• What would be one of your greatest regrets? I used to say that I never have regrets – that everything I’ve done was the best I could have done at that time and there’s no point in having regrets.  But the longer I live, the more I realize that I do have some regrets, and things I would do differently.  One of the things that I think I’ll regret in the future is not taking my mother to Spain.  Her father was from Spain and she told me when I was a kid that she didn’t want to die without seeing Spain.  I promised that I’d take her.  And the truth is that I don’t know if I ever will.  It’s just so expensive and now that I have my own children, it doesn’t look like it will be possible.  This would be a reaching out to her roots and I know she’d love it.  So, if I’m not able to swing it one day, I know I’ll always wish I could have.
  • You mentioned in a blog talk radio interview that you are going back to university and partially homeschooling your children, what was it that made you want to do both of these things, and which one is the most challenging for you right now in the midst of a book tour? Oh boy, it’s all incredibly difficult right now.  I home school my children, because I was so dissatisfied with the school system and their emphasis on testing.  When I was a teacher I spent way too much class time preparing kids to take a test.  Not doing experiments or building their creativity or learning how to write properly – but learning how to fill in a little circle.  I didn’t want that for my children.  So, I try to give them as much as my attention as I can during the day, and allow them to do as much authentic learning as possible.  But, now especially, with the release of Evenings at the Argentine Club, I find myself resorting to worksheets and “school” learning.  So, I’d have to say home schooling is the most challenging.  My college classes are tough, but at this point I value my kids’ education more than my own, so I worry more about making sure they had a great educational day.  But my husband is a great helper, and so is my mother.  I couldn’t do what I do without them.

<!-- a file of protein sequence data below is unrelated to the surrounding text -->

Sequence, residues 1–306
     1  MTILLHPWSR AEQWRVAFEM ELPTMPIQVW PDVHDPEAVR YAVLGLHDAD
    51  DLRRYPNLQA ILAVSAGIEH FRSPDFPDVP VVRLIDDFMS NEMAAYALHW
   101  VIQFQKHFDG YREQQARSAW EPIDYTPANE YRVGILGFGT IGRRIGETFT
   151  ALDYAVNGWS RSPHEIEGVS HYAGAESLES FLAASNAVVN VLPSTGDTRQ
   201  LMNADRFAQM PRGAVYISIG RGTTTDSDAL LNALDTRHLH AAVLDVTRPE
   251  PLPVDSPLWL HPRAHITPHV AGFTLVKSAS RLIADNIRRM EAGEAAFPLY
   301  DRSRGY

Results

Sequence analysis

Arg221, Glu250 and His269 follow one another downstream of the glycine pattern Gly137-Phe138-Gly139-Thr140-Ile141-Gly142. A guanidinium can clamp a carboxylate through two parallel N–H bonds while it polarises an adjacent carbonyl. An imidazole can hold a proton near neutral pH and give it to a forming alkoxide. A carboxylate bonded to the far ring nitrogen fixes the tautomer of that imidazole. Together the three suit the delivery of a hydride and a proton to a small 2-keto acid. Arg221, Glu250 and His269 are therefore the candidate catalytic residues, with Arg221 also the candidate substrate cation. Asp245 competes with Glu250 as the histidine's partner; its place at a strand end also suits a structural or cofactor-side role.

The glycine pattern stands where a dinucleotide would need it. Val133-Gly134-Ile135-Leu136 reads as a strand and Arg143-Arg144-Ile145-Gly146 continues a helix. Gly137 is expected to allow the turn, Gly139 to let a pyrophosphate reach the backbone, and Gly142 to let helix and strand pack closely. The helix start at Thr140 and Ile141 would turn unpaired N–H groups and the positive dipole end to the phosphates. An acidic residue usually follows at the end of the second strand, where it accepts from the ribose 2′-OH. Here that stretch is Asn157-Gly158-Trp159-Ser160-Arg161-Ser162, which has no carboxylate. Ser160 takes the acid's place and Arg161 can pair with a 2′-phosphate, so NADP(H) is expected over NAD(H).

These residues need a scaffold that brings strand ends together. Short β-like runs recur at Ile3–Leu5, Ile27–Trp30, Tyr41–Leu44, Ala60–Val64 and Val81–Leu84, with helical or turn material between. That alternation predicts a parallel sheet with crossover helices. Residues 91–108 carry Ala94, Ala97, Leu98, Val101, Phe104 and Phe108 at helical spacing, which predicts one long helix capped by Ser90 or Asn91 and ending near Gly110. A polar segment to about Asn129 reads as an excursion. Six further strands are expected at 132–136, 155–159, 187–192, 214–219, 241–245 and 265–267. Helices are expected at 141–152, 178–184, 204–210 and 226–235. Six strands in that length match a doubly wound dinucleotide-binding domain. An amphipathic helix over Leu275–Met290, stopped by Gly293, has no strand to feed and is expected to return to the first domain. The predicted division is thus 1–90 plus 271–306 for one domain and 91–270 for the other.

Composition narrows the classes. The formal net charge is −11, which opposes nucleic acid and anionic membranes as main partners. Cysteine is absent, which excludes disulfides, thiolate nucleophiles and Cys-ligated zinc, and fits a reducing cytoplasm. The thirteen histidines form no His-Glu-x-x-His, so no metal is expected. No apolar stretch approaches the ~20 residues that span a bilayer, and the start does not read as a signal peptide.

• What would be your greatest idea of happiness? A house full of books?  My book on the best seller list?  Okay, I need to get my mind off books.  Actually, my greatest happiness would be that my kids grow up happy and prepared to achieve whatever they dream of in life.  I’m very goal orientated and I sometimes am very tough on them, but it’s because I want them to have tons of opportunities.  But no matter what they finally decide to do with their lives, if they are happy with themselves and don’t harm themselves or others, I’ll be a happy person.
  • What would be the trait that you most deplore in yourself? I’m a slob.  I have piles of “stuff” everywhere and can’t seem to throw anything away.  With all the things going on in my life, I can never seem to find the time to get really organized.  I have my planner and when I sit down to plan I feel like I’m wasting my time – I could be doing the things I need to do rather than writing about it.  I really don’t like this trait, but I doubt I’ll ever change. I’m also not thrilled with my weight : )

Julia’s Website